• Intel NUC7i7BNHX

Prior to looking at the performance of these options, it will be of interest to readers to delve deeper into our choice for the other home theater components. Earlier this year, I happened to embark on a house remodel, and I took that opportunity to revamp the HTPC test components used in our system reviews. Our choice of components is geared towards a typical family room (15' x 15') home theater.

The Display: TCL 55P607
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  • Doomtomb - Monday, January 22, 2018 - link

    I guess I'll throw my two cents in because everybody is jumping in with their own opinions on Home Theater. (there is no right answer to satisfy everybody).
    I'm 28, just moved into my first house, trying to do HT right, on MY budget. My TV crapped out on me so I put my money into an OLED during Black Friday. No regrets, Zero. The picture quality is hands down better than my 2015 Samsung LED-LCD. It is significantly noticeable, by everybody that views it. Second, I spent some money on 5.1 speakers and subs about 7 years ago. Can you really count that cost? Maybe ~$1000 including the receiver. Speakers are by Polk Audio, could be better, but just fine for entry level. AV Receiver is not super fancy but is reputable brand, Marantz, from 2012. Got it on craigslist with some speakers at a super deal. Thing sounds beautiful, has all the Dolby codecs minus Atmos. I find myself only wanting audio out from my TV. If you need 4K picture, plug the device into the TV and output the audio with optical. Sound quality doesn't change much over the years, only features. Keep the smart features on your TV or set-top box. Keep the audio on your receiver, heck you could go with just an Amplifier but you probably want surround sound so you need processing = receiver. Do not overspend on that device, they become outdated VERY quickly.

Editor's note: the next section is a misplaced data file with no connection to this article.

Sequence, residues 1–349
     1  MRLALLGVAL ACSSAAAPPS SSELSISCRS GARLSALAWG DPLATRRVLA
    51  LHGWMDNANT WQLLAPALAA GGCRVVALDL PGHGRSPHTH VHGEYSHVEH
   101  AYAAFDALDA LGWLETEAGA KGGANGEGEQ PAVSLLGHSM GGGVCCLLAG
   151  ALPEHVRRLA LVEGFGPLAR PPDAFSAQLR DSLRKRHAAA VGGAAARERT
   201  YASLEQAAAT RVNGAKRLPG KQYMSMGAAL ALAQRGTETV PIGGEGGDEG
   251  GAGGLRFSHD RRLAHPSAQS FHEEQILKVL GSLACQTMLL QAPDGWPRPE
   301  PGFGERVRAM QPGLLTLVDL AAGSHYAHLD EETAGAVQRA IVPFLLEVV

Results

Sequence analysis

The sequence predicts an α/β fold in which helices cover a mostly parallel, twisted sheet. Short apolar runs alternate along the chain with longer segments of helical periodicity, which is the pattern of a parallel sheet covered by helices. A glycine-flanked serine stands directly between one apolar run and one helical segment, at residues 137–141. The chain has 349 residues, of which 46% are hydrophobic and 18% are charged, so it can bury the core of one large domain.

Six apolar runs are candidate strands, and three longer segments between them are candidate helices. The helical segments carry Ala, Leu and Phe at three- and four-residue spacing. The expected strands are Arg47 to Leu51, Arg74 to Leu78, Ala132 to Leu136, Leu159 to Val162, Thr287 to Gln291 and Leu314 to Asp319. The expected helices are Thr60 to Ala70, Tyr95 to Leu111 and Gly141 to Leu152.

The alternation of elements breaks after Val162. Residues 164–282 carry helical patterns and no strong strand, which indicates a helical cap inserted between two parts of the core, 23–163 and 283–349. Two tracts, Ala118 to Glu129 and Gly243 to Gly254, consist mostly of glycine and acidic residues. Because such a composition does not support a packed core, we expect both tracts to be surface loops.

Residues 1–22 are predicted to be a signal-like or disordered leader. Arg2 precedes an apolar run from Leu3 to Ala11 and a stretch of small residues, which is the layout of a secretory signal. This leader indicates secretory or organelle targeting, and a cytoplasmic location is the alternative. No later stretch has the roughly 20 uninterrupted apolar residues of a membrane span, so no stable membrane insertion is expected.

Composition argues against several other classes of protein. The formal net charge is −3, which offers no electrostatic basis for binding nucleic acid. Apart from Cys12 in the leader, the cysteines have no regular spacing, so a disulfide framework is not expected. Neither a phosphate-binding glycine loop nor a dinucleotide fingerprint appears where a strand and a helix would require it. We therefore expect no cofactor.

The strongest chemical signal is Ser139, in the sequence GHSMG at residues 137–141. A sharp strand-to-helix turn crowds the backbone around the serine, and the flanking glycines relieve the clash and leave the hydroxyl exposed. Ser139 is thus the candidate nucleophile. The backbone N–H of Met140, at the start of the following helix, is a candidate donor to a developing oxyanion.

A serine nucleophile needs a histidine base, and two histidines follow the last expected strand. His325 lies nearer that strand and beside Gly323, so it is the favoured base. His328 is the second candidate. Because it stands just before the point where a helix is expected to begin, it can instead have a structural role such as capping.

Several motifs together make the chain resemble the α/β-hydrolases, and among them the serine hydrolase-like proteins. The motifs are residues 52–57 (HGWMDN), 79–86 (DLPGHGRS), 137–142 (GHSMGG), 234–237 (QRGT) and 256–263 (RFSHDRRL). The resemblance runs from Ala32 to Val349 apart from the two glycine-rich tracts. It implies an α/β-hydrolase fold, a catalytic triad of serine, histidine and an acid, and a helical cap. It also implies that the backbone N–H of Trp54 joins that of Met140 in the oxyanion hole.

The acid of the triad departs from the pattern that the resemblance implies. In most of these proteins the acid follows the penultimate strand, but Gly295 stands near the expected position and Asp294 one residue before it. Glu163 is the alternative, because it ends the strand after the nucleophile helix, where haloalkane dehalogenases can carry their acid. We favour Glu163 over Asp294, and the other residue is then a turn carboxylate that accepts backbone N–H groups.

Reply
  • bella44 - Monday, June 4, 2018 - link

    Xbox is a nice option. Now we can also install apps like terrarium tv on Xbox to watch movies and Tv shows for free. Get terrarium tv from https://terrariumtv.io Reply
  • 29a - Tuesday, June 12, 2018 - link

    Rather than getting an XBox they should download a pirated copy. That's the only way the studios will take notice. Reply
  • RiZad - Tuesday, December 26, 2017 - link

    " Further research revealed that the Tegra K1 SoC in the SATV does not support VP9 Profile 2" The Shield TV never came with the K1, the 2015 and 2017 version both have the X1 Reply
  • RiZad - Tuesday, December 26, 2017 - link

    https://www.anandtech.com/show/9289/the-nvidia-shi... Reply
  • ganeshts - Tuesday, December 26, 2017 - link

    Thanks. I fixed that typo. Reply
  • trane - Tuesday, December 26, 2017 - link

    Vega supports HDCP 2.2. So is it just the driver we are waiting for? Nvidia released a driver for it much later, too. Reply
  • ganeshts - Tuesday, December 26, 2017 - link

    Still looking for a compact machine with Vega GPUs.... Reply
  • Chaser - Tuesday, December 26, 2017 - link

    Linux based Myth TV PVR server back end. (Works great with any decent CPU/RAM) HDHome Run cable converter box. (Free) Comcast Cable card. Amazon Fire TV w/Kodi plug in to manage my channels, lineups, recordings. Pure bliss and I save a lot of money. Reply
  • ddrіver - Tuesday, December 26, 2017 - link

    That would just be too budget... Plus, nobody sponsors articles with "ghetto" solutions. Reply